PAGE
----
I watched the Golden Globes for a time last night. I was interested to see if Heath Ledger would win a posthumous award for his portrayal of ‘The Joker’, and he did, but what I found most interesting was Stephen Spielberg’s brief speech after being presented with the Cecil B. Demille Award for lifetime achievement in motion pictures.
I don’t know if I’ve ever seen Stephen Spielberg speak before. It was interesting to me- he has the polish which comes from being a highly respected power player in Hollywood, but there is still an awkwardness to his mode of speech. He doesn’t really have stage presence, which kind of explains why he is always behind the camera and not in front of it.
But here, this man can capture that quality, can blend it; can discern great moments and great chemistry and bring those things to life for thousands of other people better than almost anyone else in Hollywood.
I really enjoyed hearing him talk about the first movie he went to as a child, the experience of going into the theater when it was light, and coming out when it was dark. He said it was like the power of the film brought the night down.
I had that same experience when I was little, and the film was Speilberg’s wonderful adventure, E.T.
I love E.t. with an enduring love. Many movies I enjoyed as a kid Ive gone back to watch as an adult, and they’ve lost their magic. But seeing E.t. again in my early twenties was a different experience. I recognized the *reality* of the world Elliott lived in. The movie was even better with my more analytical, grown-up mind. I became just as immersed in it, and that’s much more rare as an adult.
Stephen Spielberg doesn’t have stage presence, but he is a talented word-smith. He talked about the gift of mentorship, and the sense of familiarity he was experiencing right then, with so many faces in the crowd he’d worked with closely. And though Tom Cruise is usually a brunt of jokes now since his breakdown and the scientology stuff, I had to give him props: He and Drew Barrymore and Clint Eastwood and a few others in the crowd really listened and responded to Spielberg’s words, much the way I was listening and responding here at home.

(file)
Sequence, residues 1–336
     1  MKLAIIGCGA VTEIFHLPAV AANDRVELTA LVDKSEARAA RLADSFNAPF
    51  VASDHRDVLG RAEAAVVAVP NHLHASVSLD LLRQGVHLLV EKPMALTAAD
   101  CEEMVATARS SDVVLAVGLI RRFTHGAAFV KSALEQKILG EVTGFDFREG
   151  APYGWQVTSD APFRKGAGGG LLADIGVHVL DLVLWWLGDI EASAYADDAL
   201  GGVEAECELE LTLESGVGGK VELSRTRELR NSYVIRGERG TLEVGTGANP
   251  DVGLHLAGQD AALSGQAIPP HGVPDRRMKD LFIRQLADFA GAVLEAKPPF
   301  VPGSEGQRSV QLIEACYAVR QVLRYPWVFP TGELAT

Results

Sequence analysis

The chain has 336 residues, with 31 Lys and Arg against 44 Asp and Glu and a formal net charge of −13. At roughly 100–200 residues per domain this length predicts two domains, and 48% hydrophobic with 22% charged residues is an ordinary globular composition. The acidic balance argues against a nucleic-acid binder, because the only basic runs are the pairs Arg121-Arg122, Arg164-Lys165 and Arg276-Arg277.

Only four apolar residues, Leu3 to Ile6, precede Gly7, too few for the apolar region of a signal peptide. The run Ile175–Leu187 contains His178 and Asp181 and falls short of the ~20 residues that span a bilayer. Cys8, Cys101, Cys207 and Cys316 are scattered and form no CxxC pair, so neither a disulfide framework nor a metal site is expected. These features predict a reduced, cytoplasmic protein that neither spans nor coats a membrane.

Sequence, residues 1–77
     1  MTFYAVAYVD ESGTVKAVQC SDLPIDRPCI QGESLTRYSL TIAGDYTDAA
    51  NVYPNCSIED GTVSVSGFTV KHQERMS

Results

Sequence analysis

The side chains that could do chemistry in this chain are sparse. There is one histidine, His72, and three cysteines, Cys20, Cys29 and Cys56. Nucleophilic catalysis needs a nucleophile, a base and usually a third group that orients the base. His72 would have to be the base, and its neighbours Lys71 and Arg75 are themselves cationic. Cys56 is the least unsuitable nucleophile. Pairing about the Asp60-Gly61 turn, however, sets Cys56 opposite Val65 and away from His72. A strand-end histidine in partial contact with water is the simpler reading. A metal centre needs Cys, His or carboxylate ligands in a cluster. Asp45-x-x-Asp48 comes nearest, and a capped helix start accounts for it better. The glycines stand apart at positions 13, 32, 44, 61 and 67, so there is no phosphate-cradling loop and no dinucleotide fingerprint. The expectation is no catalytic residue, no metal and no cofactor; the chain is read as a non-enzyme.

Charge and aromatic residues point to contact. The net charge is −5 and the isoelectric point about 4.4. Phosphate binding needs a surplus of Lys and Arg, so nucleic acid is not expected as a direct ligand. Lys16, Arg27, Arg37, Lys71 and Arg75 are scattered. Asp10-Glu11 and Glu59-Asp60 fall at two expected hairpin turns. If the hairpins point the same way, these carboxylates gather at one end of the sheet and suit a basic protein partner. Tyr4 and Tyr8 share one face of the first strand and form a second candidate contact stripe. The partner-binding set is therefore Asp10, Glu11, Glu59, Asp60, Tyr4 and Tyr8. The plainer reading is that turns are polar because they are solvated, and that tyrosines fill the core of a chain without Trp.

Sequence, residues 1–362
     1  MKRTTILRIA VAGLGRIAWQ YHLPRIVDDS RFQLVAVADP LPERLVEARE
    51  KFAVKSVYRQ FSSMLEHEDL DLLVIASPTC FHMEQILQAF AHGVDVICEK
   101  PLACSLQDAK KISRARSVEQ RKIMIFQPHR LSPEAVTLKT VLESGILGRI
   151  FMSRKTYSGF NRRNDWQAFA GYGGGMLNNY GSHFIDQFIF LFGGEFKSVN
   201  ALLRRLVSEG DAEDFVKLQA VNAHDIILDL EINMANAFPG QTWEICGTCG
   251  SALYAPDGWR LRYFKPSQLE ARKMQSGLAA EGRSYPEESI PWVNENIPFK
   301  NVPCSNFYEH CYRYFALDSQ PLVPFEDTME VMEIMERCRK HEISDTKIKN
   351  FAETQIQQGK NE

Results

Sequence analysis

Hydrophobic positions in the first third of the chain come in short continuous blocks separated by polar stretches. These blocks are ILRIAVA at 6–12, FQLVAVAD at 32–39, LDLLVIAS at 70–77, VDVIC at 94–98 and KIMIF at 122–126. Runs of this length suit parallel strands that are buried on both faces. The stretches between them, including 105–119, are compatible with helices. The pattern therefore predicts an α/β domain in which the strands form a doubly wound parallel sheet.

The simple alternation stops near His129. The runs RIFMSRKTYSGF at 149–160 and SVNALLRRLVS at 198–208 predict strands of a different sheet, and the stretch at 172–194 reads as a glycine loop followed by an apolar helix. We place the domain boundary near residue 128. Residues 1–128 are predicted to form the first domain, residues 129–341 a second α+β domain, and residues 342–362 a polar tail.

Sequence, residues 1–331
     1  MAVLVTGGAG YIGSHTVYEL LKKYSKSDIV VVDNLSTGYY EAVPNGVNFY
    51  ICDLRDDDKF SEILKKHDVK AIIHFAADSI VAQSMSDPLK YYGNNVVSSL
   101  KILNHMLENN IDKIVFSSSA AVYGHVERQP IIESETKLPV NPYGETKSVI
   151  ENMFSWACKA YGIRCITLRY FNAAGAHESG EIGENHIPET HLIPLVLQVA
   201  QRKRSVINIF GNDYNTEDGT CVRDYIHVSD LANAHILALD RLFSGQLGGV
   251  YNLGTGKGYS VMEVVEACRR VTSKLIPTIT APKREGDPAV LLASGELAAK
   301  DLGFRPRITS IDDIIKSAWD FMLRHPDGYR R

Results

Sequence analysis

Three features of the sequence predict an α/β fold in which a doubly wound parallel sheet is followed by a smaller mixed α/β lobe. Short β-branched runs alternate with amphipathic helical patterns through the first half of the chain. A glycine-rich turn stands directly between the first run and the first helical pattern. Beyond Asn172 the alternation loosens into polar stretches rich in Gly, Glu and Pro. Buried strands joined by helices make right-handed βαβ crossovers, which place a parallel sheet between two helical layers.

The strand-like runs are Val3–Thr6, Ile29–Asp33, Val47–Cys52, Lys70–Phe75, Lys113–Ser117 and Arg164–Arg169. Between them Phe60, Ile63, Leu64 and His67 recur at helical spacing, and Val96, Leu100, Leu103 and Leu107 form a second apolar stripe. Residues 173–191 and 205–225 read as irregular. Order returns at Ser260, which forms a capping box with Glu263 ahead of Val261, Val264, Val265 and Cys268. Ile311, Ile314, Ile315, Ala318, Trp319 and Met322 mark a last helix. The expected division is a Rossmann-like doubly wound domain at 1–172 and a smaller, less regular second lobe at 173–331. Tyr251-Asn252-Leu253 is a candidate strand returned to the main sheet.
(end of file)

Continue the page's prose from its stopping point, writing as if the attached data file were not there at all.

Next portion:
Such genuine, generous attention was rare in that sea of polished-for-the-camera faces.
It seemed to me the gloss was a little faded… the air of festivity a little forced at many of those glamorous tables. You see the posing and the pathos, and I kind of got the feeling from my limited observations that even Hollywood feels a little tired with Hollywood by mid-January.
Notable exceptions to that feeling were the 30 Rock crowd (Tina Fey, et al) and Kate Winslet whose impossibly large, English-bred smile was, I believe, completely genuine as she took home two Golden Globes.
I would think it would be a little horrifying to find yourself a celebrity. Like parenthood, the real shock is surely the unrelenting nature of public focus. We discover as parents that even if it’s overwhelming, or we’re having problems, there is no taking Jr. back for a bit; no ~not~ being a parent for a little while, once you already are one. And it isn’t a nine-to-fiver, it’s an around the clock 24 hour occupation from which you can only take brief respites, but only from the physical work , not the emotional engagement and endless worry of parenthood.
So too must fame arrive with some surprise even to the most hungry director or performer. There is no mistake, no personal faltering to be done in private. Everything is public interest, and everything you do or do not do is open to judgement from the masses. You can hole up for a time, or avoid public outings, but even this behavior will be watched and remarked upon.
How very exhausting.
Of course… in both scenarios, there are compensations. But I think it would be very challenging to feel and reflect on things outside myself if I were the object of so much scrutiny. That scenario burns good energy- it’s difficult to develop outside yourself when the self is always under a magnifying glass. I think you’d hafta have awfully good, awfully honest friends to retain some vestige of your core identity.
Those figures on t.v., reflected last night in the glory light of recognition and immortality, today submit to the parsing of gossip collumns, best and worst dressed lists, and endless, excruciating comparisons.
There’s certainly a sort of relief to living outside that golden circle, no?